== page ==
AstraZeneca ($AZN) has again turned to a software startup to aid its drug research. Cambridge, U.K.-based Optibrium scored a licensing deal form the British drug giant, which has decided to adopt the small company's StarDrop software for hunting down pharma compounds for development.
As the London-based drugmaker seeks efficient ways to conduct drug R&D, AstraZeneca has announced numerous deals with software vendors, some of which most people had never heard of before. The company has assembled multiple software tools, for example, to support its virtual neuroscience group. Without its own labs, AZ's neuroscience group tapped the upstart Assay Depot last year for an online portal that connects the pharma company's researchers with preclinical CRO outfits. The same virtual group also signed on as an early adopter of Knode's search engine for scientific experts.
In the Optibrium deal, AstraZeneca has gained a global license to the startup's StarDrop and the ADME-QSAR and Auto-Modeller. The StarDrop software aims to aid researchers in evaluating various aspects of compounds that could impact whether the molecules make viable drug candidates. Like many drugmakers, AstraZeneca uses software to streamline the discovery process in hopes of improving the historically low odds of success of drug candidates in clinical trials.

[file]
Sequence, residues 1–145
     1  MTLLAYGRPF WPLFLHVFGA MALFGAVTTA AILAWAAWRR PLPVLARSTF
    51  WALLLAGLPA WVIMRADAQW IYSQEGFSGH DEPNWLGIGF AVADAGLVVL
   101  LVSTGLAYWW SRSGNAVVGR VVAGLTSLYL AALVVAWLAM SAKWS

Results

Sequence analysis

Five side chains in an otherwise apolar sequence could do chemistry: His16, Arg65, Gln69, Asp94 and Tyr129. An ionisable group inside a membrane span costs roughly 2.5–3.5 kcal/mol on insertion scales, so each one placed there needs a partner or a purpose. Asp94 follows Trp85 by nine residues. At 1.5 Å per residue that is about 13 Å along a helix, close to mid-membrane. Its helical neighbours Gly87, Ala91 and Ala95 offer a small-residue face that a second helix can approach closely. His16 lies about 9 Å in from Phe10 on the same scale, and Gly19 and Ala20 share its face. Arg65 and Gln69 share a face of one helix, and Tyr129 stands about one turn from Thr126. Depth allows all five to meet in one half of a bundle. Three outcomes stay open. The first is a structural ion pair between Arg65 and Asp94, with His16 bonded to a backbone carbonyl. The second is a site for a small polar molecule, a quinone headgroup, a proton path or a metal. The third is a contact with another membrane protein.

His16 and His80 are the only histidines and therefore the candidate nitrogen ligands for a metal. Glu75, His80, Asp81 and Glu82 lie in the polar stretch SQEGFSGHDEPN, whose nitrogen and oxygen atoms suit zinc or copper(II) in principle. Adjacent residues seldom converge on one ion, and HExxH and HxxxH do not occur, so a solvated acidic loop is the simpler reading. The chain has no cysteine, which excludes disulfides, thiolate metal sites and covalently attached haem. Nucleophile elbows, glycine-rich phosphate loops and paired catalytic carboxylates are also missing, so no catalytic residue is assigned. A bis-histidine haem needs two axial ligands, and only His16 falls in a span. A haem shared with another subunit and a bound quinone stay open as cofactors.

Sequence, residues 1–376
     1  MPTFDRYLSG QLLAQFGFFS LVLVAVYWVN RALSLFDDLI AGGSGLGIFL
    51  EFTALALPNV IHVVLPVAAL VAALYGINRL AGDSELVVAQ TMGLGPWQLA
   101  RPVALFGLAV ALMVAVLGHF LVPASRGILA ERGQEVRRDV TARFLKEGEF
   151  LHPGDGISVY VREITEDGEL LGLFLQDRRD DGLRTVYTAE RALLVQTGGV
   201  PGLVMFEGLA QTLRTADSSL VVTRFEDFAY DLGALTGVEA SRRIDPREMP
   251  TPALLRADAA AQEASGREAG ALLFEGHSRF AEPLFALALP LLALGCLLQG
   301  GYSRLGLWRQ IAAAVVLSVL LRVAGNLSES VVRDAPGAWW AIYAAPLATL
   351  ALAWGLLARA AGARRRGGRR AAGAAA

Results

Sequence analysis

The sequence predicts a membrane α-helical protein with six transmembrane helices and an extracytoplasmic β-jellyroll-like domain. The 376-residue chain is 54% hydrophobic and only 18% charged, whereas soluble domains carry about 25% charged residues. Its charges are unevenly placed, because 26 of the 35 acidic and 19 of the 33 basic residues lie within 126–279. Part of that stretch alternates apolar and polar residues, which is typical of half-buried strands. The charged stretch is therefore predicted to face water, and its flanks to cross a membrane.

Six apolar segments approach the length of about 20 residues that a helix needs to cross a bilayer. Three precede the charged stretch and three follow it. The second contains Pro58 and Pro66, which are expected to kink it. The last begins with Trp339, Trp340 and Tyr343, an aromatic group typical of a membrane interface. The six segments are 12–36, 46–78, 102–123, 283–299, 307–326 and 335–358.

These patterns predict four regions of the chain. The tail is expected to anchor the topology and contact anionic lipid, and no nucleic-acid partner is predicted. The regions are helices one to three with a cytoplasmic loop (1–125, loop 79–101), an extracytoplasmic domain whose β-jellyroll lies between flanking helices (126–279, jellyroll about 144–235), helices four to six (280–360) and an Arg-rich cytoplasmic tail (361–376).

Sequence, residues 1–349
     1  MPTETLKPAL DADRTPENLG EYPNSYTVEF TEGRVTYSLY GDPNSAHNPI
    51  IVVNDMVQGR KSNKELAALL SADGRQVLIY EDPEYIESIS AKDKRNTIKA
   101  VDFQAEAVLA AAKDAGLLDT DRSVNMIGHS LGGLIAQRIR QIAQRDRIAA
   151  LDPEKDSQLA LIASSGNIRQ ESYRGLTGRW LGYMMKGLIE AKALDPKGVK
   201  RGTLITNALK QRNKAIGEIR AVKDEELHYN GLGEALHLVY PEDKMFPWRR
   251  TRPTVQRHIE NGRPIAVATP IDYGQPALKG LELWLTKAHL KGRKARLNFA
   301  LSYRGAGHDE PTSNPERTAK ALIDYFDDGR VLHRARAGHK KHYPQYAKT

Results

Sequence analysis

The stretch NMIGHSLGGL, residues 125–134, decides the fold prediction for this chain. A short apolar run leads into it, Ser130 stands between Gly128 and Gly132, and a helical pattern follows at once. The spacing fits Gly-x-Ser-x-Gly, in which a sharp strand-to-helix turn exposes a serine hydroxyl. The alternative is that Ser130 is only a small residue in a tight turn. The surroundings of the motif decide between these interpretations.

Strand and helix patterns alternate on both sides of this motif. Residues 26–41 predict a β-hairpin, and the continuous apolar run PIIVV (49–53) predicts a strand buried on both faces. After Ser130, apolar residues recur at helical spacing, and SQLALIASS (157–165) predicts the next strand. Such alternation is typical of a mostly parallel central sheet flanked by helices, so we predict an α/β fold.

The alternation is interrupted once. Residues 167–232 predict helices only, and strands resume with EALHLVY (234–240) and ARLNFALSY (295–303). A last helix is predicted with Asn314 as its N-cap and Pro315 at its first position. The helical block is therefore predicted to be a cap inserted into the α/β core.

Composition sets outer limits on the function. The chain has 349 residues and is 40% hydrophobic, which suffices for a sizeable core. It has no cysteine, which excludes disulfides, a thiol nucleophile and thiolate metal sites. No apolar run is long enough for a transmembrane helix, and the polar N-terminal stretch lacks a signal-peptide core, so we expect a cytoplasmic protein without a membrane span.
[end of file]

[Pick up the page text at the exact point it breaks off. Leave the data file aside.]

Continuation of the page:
"Drug metabolism, together with the prediction of human kinetics and dose, is a multi-objective optimisation problem," said Dr. Patrick Barton, AstraZeneca DMPK, in a statement. "We seek a compromise between potency, selectivity, pharmacokinetic and toxicological profiles to discover a safe and efficacious drug."
Optibrium was formed through a 2009 spinoff from BioFocus, and the startup's founding team began developing the StarDrop software in 2003. It's typically a big coup for life sciences software vendors to land global licensing deals with Big Pharma companies like AstraZeneca, which deploy such tools for many researchers around the world.
- here's the release